“And possibly ruinous, my lady, which is why I would never suggest such a thing.”
“Just as I would never consider it,” Bethany murmured. “Why would I? After all, I’ve done what every hopeful debutante dreams of doing. I’ve made a brilliant match with no effort at all on my part. I ought to be thrilled.” When Ruth made a hmm sound, Bethany amended, “I am thrilled.”
She and Langdon, or Robert as he now allowed her to call him, had known each other for weeks. Their conversation was amicable, though perhaps a bit reserved. But he did smile when she spoke and had even laughed in her company on occasion. Oh, and he’d also kissed her, which was something, she supposed. Even though it had not been a life-altering kiss, it had been pleasant enough. Certainly, she decided, she and Langdon could be content with each other. And as she walked and the breeze cooled her skin, she accepted that this would simply have to be enough.
When Charles entered the ballroom that evening, he greeted the nearest guests politely then sought out his family. Since his sisters, Athena and Sarah, were still too young to attend such events, they had remained upstairs in their bedchambers for the evening. Instead he found his parents and younger brothers, James and William, scattered about. As hosts, his parents were busy conversing with guests, so he decided to approach James instead.
“Do you know if Robert has arrived yet?” he asked after saying, “Good evening,” to Baron Garret with whom James was speaking.
“I haven’t seen him,” James said, “but he usually tends to arrive late at social events, does he not?”
Charles nodded. His friend was never in a hurry to spend time at balls, for he loathed having to dance, but Charles had hoped he’d make an exception this evening. After all, it was three months since they’d last seen each other. Robert had been away in New York and had only just returned yesterday morning. Charles was eager to hear about his travels.
Excusing himself to James and Garret, Charles went to collect a glass of champagne from the refreshment table. The room was already unbearably hot and clamorous from the mixture of conversation and music that seemed to jab at his ears. Charles glanced at the terrace doors. He’d only just arrived and already longed to escape.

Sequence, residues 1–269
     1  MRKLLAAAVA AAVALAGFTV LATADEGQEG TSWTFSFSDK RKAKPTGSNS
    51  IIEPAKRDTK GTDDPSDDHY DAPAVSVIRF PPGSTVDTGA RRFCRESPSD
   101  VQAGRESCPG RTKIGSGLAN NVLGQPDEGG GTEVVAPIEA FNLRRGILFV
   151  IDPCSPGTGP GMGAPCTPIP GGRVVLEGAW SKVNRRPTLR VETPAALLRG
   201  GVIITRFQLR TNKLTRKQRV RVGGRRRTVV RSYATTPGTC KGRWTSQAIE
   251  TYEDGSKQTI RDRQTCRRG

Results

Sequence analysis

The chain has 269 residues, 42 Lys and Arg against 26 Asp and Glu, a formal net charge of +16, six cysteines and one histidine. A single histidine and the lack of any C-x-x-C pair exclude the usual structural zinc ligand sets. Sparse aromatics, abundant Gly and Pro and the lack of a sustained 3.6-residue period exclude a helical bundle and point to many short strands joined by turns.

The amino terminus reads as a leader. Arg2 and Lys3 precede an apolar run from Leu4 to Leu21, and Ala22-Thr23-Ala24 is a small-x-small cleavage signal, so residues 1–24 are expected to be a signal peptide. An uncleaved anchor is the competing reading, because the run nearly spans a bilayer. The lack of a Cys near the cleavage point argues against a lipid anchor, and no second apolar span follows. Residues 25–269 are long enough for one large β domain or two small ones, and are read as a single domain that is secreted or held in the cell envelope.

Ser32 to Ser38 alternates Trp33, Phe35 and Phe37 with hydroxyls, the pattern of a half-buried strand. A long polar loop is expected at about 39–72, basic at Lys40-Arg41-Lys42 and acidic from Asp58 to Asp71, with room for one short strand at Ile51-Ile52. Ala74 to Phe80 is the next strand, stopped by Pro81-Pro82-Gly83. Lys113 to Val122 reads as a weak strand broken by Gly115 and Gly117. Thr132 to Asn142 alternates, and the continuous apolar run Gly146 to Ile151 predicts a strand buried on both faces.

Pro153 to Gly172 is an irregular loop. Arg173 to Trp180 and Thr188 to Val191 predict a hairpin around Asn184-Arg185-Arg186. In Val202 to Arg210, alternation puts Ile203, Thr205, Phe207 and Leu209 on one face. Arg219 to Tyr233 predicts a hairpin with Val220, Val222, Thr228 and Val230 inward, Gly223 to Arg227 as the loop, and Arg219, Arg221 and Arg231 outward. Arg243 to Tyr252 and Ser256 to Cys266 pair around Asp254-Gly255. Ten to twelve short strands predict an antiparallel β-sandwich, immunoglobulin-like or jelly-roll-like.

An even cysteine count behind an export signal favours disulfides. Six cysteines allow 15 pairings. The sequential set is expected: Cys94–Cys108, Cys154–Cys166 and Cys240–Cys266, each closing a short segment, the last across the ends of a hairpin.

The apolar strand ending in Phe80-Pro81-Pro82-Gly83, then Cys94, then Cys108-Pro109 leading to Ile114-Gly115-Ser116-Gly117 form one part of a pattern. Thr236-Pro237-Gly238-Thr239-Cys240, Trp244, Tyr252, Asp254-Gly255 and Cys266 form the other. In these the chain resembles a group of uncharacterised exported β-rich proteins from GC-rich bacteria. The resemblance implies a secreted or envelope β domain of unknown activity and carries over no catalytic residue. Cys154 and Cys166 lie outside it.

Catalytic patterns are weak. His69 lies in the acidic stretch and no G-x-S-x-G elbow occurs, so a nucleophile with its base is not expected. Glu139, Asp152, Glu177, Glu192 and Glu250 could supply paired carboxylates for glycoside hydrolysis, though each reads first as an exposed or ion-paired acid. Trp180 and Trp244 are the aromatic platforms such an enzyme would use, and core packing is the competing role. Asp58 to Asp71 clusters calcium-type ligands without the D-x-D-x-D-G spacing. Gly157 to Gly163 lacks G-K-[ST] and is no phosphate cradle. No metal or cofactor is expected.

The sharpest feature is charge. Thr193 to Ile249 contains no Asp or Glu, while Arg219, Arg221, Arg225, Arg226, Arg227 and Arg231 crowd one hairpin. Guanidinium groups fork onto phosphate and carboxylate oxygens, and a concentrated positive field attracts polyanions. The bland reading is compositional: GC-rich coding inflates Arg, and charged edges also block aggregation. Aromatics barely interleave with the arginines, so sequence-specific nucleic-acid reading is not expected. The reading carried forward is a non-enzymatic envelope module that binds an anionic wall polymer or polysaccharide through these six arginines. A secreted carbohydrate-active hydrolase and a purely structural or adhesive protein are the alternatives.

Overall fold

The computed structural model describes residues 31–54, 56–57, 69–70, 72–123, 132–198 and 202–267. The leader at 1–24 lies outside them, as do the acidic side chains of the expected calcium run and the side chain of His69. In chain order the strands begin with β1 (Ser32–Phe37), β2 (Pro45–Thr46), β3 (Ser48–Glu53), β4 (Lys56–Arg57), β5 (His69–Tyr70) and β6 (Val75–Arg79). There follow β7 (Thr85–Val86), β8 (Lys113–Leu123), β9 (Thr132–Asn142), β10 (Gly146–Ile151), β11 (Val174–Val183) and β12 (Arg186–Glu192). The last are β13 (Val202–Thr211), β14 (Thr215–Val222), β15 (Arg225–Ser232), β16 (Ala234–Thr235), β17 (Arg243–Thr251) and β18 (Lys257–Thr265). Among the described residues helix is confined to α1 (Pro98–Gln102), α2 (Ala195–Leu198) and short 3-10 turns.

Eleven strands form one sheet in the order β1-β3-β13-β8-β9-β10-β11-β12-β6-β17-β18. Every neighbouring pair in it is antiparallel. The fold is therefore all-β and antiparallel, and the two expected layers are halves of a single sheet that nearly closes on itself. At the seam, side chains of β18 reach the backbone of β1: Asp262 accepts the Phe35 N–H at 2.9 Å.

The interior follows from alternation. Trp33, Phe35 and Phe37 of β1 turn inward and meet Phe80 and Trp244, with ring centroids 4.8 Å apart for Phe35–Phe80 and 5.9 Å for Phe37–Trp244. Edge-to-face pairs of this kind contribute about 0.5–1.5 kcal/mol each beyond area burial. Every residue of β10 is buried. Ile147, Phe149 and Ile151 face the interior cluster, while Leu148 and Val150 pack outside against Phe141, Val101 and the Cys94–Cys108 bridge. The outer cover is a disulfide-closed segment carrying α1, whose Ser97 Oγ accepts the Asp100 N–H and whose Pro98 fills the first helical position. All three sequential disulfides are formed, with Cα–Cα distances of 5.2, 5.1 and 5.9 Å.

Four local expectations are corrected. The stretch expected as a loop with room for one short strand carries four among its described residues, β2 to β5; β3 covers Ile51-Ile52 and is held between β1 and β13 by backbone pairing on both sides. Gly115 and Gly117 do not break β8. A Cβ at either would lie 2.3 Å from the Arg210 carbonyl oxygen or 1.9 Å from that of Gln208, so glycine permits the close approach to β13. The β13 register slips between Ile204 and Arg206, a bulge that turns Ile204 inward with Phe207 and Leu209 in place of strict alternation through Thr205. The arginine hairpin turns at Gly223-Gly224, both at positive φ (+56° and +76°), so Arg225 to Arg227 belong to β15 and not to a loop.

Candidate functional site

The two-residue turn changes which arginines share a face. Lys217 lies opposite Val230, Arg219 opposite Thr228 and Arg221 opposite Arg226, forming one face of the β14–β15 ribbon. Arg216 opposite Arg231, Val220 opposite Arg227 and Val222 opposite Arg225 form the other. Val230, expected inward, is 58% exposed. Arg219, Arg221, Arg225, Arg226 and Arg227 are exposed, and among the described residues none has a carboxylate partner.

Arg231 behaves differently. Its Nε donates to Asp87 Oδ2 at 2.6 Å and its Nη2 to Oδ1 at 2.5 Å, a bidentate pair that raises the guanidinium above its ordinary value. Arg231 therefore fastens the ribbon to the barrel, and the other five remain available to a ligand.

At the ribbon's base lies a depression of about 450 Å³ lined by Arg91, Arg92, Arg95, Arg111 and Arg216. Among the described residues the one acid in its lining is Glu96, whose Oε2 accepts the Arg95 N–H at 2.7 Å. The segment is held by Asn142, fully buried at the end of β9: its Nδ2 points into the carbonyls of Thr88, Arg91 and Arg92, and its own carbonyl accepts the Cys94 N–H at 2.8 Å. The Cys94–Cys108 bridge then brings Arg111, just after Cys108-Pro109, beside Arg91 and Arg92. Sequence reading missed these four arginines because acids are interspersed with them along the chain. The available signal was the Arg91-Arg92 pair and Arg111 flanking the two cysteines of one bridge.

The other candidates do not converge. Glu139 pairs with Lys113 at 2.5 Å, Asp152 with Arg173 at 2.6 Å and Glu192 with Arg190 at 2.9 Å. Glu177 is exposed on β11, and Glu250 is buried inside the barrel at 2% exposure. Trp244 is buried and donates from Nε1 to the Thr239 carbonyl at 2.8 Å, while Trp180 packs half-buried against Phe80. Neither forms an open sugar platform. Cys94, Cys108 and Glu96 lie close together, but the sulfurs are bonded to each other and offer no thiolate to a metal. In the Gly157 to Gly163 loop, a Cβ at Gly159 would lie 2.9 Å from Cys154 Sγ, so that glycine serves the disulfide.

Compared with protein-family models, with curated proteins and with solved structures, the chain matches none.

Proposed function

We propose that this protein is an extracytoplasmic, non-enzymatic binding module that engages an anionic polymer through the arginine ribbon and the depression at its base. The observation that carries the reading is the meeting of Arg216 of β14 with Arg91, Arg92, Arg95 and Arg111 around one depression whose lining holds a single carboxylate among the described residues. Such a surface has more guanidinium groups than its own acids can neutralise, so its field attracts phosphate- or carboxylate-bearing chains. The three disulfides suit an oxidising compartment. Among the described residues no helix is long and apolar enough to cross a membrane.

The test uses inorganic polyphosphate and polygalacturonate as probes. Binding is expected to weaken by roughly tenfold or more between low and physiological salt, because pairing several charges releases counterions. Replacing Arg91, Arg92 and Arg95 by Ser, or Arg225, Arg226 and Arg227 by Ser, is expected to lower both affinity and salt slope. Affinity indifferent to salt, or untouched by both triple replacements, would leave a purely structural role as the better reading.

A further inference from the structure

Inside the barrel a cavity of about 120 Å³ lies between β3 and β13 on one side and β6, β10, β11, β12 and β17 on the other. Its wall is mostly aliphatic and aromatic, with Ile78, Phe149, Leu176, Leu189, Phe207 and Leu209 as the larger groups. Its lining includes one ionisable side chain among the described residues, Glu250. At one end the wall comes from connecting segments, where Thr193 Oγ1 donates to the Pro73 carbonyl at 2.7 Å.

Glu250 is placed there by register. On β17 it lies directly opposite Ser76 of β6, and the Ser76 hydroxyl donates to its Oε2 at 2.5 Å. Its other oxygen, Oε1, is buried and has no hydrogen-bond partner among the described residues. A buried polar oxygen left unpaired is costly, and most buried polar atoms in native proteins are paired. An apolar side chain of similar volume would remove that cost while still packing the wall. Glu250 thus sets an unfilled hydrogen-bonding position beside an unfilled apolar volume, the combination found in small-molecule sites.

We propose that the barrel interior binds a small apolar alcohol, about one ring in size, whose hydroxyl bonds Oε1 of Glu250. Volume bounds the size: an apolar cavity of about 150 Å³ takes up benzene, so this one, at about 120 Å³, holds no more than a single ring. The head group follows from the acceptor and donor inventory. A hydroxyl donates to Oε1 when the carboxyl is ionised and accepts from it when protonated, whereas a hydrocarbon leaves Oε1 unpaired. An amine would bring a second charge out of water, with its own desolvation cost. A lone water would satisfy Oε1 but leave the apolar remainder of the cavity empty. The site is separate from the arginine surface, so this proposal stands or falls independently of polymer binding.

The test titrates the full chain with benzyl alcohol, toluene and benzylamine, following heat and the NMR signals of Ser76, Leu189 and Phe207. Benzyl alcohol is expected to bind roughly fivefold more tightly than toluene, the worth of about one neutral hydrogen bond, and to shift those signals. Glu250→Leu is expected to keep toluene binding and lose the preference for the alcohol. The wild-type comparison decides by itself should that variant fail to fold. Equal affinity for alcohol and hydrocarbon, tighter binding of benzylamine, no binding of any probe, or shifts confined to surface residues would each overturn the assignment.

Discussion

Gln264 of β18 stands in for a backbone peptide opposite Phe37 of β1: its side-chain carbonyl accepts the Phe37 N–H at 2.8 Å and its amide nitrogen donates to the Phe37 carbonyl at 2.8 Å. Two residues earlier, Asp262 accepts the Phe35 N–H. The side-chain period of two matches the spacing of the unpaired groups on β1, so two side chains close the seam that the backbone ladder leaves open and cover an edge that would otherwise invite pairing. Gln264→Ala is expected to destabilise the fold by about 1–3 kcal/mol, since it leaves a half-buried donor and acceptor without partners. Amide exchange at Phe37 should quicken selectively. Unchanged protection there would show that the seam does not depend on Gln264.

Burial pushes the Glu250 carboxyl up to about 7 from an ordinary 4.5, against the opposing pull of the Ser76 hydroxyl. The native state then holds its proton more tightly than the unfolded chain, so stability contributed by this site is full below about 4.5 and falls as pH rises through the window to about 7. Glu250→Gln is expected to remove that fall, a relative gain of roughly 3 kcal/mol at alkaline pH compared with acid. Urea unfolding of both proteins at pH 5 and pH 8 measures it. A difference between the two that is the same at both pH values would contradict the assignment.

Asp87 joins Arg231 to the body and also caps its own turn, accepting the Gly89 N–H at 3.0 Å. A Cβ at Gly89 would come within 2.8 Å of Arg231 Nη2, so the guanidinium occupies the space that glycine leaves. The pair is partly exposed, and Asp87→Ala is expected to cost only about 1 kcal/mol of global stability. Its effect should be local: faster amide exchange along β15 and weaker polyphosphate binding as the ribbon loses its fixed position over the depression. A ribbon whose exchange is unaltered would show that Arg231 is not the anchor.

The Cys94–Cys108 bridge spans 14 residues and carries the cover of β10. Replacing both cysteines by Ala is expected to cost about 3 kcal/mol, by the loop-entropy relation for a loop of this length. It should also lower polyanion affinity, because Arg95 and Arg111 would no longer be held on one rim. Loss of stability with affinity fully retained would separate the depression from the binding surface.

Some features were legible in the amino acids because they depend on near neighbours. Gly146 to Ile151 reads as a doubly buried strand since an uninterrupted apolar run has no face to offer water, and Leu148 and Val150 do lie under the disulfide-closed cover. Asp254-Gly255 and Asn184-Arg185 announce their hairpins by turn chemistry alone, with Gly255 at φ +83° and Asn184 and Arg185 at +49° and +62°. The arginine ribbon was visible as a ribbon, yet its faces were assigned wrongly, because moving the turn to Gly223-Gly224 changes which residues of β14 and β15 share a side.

Perhaps just for a moment?
His mother would kill him if she found him hiding away on the terrace when he was supposed to be writing his name on dance cards. He considered the row of wallflowers waiting with hopeful eyes directed at each passing gentleman and decided he’d dance with them all this evening. But not until he’d had a chance to cool down a little.
Following the periphery of the room, he reached the French doors leading onto the terrace and stepped out into the fresh night air. A sigh of relief escaped him as a welcome breeze glided over his hair. He took an invigorating sip of his drink and moved further away from the ballroom to where the air wasn’t hampered by the wide façade of his parents’ home.
A lone woman, silhouetted against the dark garden beyond, was standing near the railing. Charles slowed his progress and prepared to retreat to the opposite corner of the terrace so as not to intrude or risk ruining her reputation by being alone with her.
But then she turned as if sensing him there, and Charles’s heart stumbled. It was she, the young lady from the lake, with the eyes he’d never forget and the smile that did curious things to his insides.
She stared at him as if he’d arrived from a dream she’d been having, as if she would happily risk losing other belongings if it would provide an excuse for them to see each other again. Which Charles acknowledged was the oddest contemplation he’d ever had when he didn’t know one thing about her. Besides the fact that she was curious, forward, and prepared to abandon decorum, at least to sprint after her bonnet.
“I should arrange for a proper introduction,” he said, because that was the only thing that seemed to matter right now – discovering who she was and being allowed to ask her to dance.
She parted her lips as if to respond, but then she appeared to register something and the momentary hint of delight he’d glimpsed was instantly brought to an end. Puzzled, Charles failed to notice the approaching footsteps, but then he felt a hand slap his back and he turned to meet Robert’s sparkling eyes.
A rough bit of laughter escaped him. “God, it’s good to see you again after all this time. I missed our weekly game of billiards.”
Robert grinned. “I’ve much to tell you, my friend, most importantly perhaps, the fact that I’ve gotten engaged.”
Charles stared at the man whom he knew so well and then laughed. “Truly? You must introduce me at once to the marvelous woman who’s managed to tempt you with marriage.”
Robert beamed. “It would seem you’ve already met her.” He gestured to the side and Charles followed the movement with the sense that the flame burning bright in his chest was about to be snuffed out forever. The lady from the lake filled his vision, and as he stared into her gorgeous blue eyes, Robert said, “Allow me to present my fiancée, Lady Bethany Andrews.”